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Family Kayaking Basics with Emily Jackson  

photo credit / Seth Warren

Emily Jackson is a celebrated World Freestyle Kayak Champion with podium finishes across possibly every discipline of kayaking. She’s also part of the Jackson family—sister to fellow kayak athlete Dane Jackson and daughter of Olympic Kayaker Eric Jackson, who is also the founder of Jackson Kayaks (now Jackson Adventures).

We caught up with Emily and her family in Cascade, Idaho. The family travels about ten months out of their year in their RV running rivers, attending whitewater events on behalf of Jackson Adventures, and enjoying life outdoors. The family’s two kids, a daughter age 4 and son age 8, are both learning to love kayaking. Emily shared some of her top tips on how she’s sharing her passion for kayaking with her kids.

photo credit / Seth Warren

The key to starting kids kayaking is to keep it fun,” says Emily. Her kids started off with a Jackson Fun 1, a kid-sized boat for tikes weighing 30-80 pounds. Emily says, “We treated it like a pool toy initially—no paddle, no skirt. Emily says, “During this timeframe, the most important thing was making sure they’re comfortable and safe in the water.”

At the time, the Fun 1 was the smallest kids kayak ever made. And it’s also the reason Jackson Kayak was started by her dad Eric back in 2004—there were no kids boats at the time. Having a properly sized boat is important. Boats that are too big can mean the kids have trouble reaching the water with their paddle, or the boat isn’t responsive when it should be.

photo credit / Seth Warren

At about age 5 or 6. Emily let her son use the kayak with a loose-fitting spray skirt, “One that barely keeps water out.” Emily shared a tip she uses with her kids, which is to duct tape a piece of foam on the front cockpit rim to make pulling the skirt even easier. She says, “You don’t want them to have an experience where they can’t get the skirt off.” Emily would stand in the water and flip her son over and roll him back up immediately. She also recommends that kids wear scuba-style goggles to keep water out of their nose. Slowly she’d add more time where her son was underwater—counting to five while banging on the kayak then rolling up. And from there, she says, “Bracing and hip snaps. Which are the basics for rolling up.”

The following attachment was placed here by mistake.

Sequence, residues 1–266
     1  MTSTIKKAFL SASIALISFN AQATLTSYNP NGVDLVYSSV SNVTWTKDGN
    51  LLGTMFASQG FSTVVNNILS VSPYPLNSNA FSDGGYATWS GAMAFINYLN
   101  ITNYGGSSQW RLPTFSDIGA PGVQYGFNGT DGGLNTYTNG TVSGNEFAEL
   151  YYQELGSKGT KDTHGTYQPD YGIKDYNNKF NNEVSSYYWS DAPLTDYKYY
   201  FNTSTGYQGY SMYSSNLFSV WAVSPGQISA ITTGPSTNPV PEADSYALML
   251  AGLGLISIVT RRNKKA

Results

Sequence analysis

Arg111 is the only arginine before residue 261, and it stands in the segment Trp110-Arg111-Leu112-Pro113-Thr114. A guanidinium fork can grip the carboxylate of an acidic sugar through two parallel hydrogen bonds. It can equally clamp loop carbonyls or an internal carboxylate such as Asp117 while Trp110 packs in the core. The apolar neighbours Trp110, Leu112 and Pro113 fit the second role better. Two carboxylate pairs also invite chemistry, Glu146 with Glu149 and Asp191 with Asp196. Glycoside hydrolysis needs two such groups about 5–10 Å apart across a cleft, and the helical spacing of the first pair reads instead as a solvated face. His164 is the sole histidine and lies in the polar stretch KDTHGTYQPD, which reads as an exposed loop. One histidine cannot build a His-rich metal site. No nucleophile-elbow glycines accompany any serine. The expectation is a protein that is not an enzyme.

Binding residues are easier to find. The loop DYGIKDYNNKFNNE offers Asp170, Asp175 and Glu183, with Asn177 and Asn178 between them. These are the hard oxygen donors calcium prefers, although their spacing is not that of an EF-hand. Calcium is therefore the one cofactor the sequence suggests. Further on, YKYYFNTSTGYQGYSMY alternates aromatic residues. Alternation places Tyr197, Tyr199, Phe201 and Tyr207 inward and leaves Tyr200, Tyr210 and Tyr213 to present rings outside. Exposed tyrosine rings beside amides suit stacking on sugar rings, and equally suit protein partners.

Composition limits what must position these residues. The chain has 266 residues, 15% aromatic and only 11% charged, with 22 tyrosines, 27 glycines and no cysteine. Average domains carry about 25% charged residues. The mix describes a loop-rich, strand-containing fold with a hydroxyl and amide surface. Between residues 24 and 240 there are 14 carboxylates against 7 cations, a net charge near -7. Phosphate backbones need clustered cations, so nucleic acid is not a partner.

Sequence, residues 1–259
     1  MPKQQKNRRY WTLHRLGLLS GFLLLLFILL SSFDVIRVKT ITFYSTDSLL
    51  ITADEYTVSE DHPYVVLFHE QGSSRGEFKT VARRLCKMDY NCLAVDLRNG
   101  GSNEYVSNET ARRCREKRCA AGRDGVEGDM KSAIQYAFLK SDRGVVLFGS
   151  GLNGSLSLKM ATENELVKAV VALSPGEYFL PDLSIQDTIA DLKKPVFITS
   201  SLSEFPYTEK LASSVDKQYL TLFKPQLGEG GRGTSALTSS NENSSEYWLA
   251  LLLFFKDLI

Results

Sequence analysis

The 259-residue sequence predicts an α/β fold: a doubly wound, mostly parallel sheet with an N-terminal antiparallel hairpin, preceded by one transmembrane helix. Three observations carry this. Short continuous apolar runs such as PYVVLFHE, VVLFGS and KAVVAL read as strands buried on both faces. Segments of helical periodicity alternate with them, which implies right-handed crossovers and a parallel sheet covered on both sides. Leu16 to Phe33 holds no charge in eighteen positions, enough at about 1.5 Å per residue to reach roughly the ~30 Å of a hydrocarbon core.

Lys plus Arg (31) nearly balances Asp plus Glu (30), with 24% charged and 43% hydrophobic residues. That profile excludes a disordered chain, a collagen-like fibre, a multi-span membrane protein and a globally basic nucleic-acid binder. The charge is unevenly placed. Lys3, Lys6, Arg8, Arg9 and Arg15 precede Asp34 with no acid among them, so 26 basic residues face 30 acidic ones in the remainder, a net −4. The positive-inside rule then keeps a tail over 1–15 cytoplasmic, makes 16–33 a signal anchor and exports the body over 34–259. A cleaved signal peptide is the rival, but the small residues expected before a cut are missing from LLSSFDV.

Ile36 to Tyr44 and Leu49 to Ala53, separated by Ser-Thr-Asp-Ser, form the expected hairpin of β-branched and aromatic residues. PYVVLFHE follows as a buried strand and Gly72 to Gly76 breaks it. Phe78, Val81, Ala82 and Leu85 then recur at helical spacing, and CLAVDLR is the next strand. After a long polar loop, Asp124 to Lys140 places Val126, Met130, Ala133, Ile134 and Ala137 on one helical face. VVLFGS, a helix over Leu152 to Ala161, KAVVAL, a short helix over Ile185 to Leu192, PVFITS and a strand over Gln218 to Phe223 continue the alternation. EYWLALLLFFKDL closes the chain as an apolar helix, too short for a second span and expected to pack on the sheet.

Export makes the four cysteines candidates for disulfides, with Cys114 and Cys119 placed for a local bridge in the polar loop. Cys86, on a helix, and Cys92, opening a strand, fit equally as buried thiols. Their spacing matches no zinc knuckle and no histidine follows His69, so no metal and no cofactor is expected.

Emily stresses that these are really short 15-minute learning sessions. She says, “Keep it short and sweet. You have to step in with the idea that you're taking baby steps and breaking them down even more.” When transitioning from the pool or lake to the river, expect to take a few steps back and start from there. She adds, “Make sure it’s still fun—swim in the rapid or current and do all the same steps again.”

As the family progresses to river floats Emily continues to stress the fun factor. “A long family paddle can be frustrating. It takes a lot of practice for kids to move the kayak where they want to go. We try to have them just paddle around, but not in long distances through flat water. Also add in floaties or a raft to give them options if they want to get out of their boat.”

photo credit / Seth Warren

Emily’s Tips for Kids Kayaking Gear:

Buy a kayak that fits your kids.

Jackson Kayaks offers multiple kids kayaks including the Fun 1, Fun 1.5, and the Sidekick. Emily says, “Buying used kids kayaks is great—you just want to make sure you have all the outfitting parts.” She adds, “I have stories of our kid’s kayaks being bought and sold 7 or 8 times. Kids are really easy on their gear compared to adults.” Another option is the Jackson Kayaks Dynamic Duo two-person kayak. Emily says, “It’s great for introducing kids into whitewater and getting splashed. Your kid is a passenger along for a ride. They can just have fun or you can convince them they’re in control.”

Outfit your kids into their kayak.

Make sure the feet are sitting on the footrests, they’re sitting up high enough to touch the water properly, and the hip pads and back band are tight enough.

photo credit / Seth Warren

Get the correct length paddle.

Not having a kid’s-specific kayak paddle is exhausting, they’ll end up doing more of a sweeping stroke than a forward paddle, which will have them going in circles. Werner kid’s paddles are great.

Invest in a good helmet.

Kids-sized paddling helmets are hard to come by, but Emily feels safe with her four-year-old daughter in a BMX-bike style helmet. Her six-year-old son is just big enough to fit into a Sweet Protection paddling-specific helmet.

photo credit / Seth Warren

A paddling-specific PFD is important.

Emily is a fan of Astral and NRS kids PFDs (Personal Flotation Device aka life jacket). If buying used, Emily suggests ensuring the weight range is higher than your kid’s weight as, over a long period of time, PFDs can lose some of their flotation. For smaller kids' life jackets, Emily stresses the importance of choosing a PFD with neck support, like the NRS Big Water V Youth, to keep their faces up and out of the water.

River shoes are key!

Emily recommends kids Tevas, Keen with toe coverage, or Astral Loyak Youth.

And finally, always have plenty of snacks and water or electrolyte drinks.

Pack them in a waterproof dry bag.

photo credit / Seth Warren

For more family adventure and kayaking tips follow Emily Jackson at on Instagram.

Annie Fast writes about winter sports and outdoor adventures from her home in Bend, Oregon.You can read more about her and her work at

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